Money laundering trial begins for Modesto-area Berryhill brothers






SACRAMENTO — Modesto-area brothers Tom and Bill Berryhill broke state laws in 2008 by laundering $40,000 in campaign money through Republican central committees in Stanislaus and San Joaquin counties, a prosecutor said Tuesday morning at a trial with big political implications.
Tom Berryhill, now a state senator, sat at the defense counsel table and is expected to testify in coming days. As a state assemblyman at the time, he had no trouble raising big money while his brother was running for the first time in a tight Assembly race and needed a cash infusion for a last-minute television hit piece on his opponent, a prosecutor said.
“Tom Berryhill needed to get money to his brother very badly,” said Neal Bucknell, attorney with the California Fair Political Practices Commission. “They decided to send it through the central committees. It’s a straight-up money-laundering case.”
The trial, before an administrative law judge, is expected to last as long as nine days and is considered unusual for its heavy focus on an aggressive defense by the Berryhills and the central committees. Attorneys on both sides said almost all witnesses will be called to support defense claims that the money exchange was not a conspiracy.
Bill Berryhill’s campaign manager “was ringing the bell everywhere he could to raise money,” defense attorney Charles Bell said, but “there was no agreement between them and the central committees to commit laundering.”
At stake are penalties of as much as $80,000, as well as the reputations of several Republican power brokers. The central committees are defendants as well.
The Stanislaus GOP group is being investigated in a separate case on its suspected role in funneling $1.7 million in later years to candidates throughout California at the behest of state party leaders.
“This is a death penalty-type case for the central committees,” Bell said in his opening statement. The idea that they owed a duty to state leaders that involved breaking the law “seems to be illogical and absurd,” he added.
The last-minute TV ad in 2008 attacking Bill Berryhill’s Democratic opponent, John Eisenhut, may have helped Berryhill prevail with 51percent of the vote, and the Berryhills became the first brothers to serve in the Assembly at the same time in nearly six decades. They are sons of the late Clare Berryhill, a longtime Republican legislator who also served as state director of food and agriculture.
Tom Berryhill subsequently moved to Twain Harte and was elected to the state Senate. Bill Berryhill won re-election in 2010, about the time state ethics investigators launched the probe leading to this trial. He narrowly lost a Senate bid two years later to Cathleen Galgiani despite a $320,000 contribution from the Stanislaus central committee; that donation is part of the current investigation and is not related to the trial.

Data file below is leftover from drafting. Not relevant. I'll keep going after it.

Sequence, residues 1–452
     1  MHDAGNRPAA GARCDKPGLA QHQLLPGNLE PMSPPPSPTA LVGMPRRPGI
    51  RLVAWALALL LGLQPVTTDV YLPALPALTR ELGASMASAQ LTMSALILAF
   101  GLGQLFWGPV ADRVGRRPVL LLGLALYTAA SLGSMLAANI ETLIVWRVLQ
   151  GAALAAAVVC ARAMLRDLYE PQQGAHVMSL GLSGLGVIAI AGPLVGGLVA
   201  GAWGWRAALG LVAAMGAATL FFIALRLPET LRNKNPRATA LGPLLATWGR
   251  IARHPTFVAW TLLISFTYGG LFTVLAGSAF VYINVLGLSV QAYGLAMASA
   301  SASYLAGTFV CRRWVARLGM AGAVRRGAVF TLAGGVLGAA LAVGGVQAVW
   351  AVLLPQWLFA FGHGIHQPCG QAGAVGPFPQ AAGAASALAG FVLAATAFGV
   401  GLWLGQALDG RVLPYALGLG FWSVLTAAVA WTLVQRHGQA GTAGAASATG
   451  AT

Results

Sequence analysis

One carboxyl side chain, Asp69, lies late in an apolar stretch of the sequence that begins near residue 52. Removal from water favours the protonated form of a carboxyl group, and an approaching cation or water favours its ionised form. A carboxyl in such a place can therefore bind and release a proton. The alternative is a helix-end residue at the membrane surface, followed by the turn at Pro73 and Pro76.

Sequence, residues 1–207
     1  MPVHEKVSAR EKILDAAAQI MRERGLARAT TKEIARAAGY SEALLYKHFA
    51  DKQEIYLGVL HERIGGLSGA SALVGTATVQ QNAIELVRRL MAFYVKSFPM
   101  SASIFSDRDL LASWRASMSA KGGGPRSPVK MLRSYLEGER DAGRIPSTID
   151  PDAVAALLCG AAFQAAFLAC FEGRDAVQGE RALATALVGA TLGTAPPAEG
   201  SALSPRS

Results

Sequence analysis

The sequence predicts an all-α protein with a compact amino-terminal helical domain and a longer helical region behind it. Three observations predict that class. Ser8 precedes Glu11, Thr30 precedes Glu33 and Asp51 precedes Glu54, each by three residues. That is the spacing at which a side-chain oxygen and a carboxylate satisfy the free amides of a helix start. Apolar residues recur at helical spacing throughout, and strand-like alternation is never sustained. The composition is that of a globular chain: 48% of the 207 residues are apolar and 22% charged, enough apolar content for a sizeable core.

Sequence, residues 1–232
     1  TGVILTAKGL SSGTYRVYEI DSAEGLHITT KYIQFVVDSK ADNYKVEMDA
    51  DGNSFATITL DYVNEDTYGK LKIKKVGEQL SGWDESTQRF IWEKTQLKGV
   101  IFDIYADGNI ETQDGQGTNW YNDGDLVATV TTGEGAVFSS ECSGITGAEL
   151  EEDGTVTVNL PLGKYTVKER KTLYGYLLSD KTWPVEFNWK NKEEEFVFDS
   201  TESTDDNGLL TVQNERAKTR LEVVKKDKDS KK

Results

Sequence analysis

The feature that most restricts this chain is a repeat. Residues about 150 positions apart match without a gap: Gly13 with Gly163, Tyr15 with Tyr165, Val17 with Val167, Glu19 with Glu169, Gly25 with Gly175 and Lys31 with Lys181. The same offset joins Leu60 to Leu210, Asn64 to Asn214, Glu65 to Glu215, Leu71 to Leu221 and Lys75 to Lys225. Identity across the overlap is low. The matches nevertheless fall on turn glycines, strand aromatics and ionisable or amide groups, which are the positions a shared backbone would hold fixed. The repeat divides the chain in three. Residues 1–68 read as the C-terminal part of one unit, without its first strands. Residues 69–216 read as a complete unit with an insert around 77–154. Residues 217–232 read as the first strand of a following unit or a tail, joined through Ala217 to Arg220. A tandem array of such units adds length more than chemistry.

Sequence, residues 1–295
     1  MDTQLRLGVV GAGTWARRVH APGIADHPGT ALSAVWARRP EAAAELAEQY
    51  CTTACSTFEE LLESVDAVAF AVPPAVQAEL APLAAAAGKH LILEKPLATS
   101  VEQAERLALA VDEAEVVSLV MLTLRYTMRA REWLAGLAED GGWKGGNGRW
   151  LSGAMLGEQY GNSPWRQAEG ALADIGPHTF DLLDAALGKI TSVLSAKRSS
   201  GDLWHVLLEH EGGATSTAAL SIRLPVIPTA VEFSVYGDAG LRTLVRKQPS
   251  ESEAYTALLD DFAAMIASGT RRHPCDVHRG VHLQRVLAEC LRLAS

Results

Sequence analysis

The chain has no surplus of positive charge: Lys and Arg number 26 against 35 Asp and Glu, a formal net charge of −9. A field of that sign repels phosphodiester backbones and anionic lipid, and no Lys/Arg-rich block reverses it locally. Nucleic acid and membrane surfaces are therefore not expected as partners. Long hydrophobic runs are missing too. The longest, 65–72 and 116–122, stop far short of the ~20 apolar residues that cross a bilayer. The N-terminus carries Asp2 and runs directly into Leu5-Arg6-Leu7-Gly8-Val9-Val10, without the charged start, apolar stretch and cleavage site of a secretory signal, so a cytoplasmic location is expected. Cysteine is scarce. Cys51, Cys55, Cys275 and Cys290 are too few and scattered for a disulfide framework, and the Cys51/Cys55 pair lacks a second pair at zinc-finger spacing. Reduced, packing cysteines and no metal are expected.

Knowing his brother needed quick campaign cash, Tom Berryhill on Oct. 28, 2008, held an event that raised $50,000. He sent $20,000 to the Stanislaus committee on Oct.30 and another $20,000 on Oct.31 to the San Joaquin group. The committees donated $20,000 and $21,000, respectively, to Bill Berryhill on the same days they received his brother’s contributions.
The Berryhill-Einsenhut campaign was “targeted,” or expected to draw unusual party attention because both sides hoped to win the seat with sufficient support, as opposed to others considered safe for either party. Safe contests typically draw little party support.
But neither committee gave more than $250 to Bill Berryhill before the last-minute infusion, according to testimony.
Tom Berryhill had given his brother the maximum allowed under law – $3,600 at the time, Bucknell said – while parties had no such ceiling.
Tom Berryhill used two committees as straw donors to conceal that he gave the $40,000, authorities suggest, because the law prohibited a candidate from receiving more than $30,200 from a single committee.
Dale Fritchen, chairman of the San Joaquin committee, testified that he alone decided how to spend Tom Berryhill’s donation.
“No one told me, ‘Here is a check; we want you to give it to somebody else,’” Fritchen said. “That didn’t happen. I would have been very offended by that.”
The Stanislaus committee in 2009 got into trouble for helping San Diego politician Joel Anderson launder money to his own campaign. Anderson was fined $20,000, and Fresno’s central committee $29,000, but the Stanislaus group got off with a warning letter.
“It just shows that’s how they do business,” Bucknell said, citing the Anderson case, “and that deprives the public of (knowing) the true source of the funds.”
Emails between involved parties suggest collusion, the prosecution team says.
Bell said it’s not enough for the FPPC to draw inferences of conspiracy. A penalty demands hard proof, he said.
In a recorded deposition viewed Tuesday, Bill Berryhill’s campaign manager, Carl Fogliani, said he did not recall whether he pressured Tom Berryhill for money.
But Fogliani did not dispute having described, in a conversation with Tom Berryhill, his brother’s depleted campaign bank account as “damn scary” and saying his “ass was hanging in the wind.” That was just before Tom Berryhill’s fundraiser and the subsequent money transfers.
Fogliani, appearing defiant and annoyed during questioning, said he pushed for an aggressive TV ad to counter Eisenhut’s “nasty” claims about Bill Berryhill. Fogliani’s commercial accused Eisenhut of getting a golden parachute from a bank CEO job and of being involved in the type of predatory lending that had caused foreclosures. Both were hot topics in late 2008.
“We were trying to run a positive campaign, until the other side decided to take liberties and attack Bill,” Fogliani said. “It’s not bean bags. He was in a glass house. We punched back.”
Gov. Jerry Brown in August appointed Eisenhut to the California Air Resources Board.
In addition to money laundering charges, Tom Berryhill is accused of failing to disclose, as required by law, gifts of Disney tickets worth $244 and tickets to a Keith Urban concert, valued at $59.50, from the Pechanga Band of Luiseno Mission Indians.
Two weeks ago, the FPPC made headlines by extracting a record $1 million penalty from two Arizona entities that conspired to launder $15 million in California campaign money last year…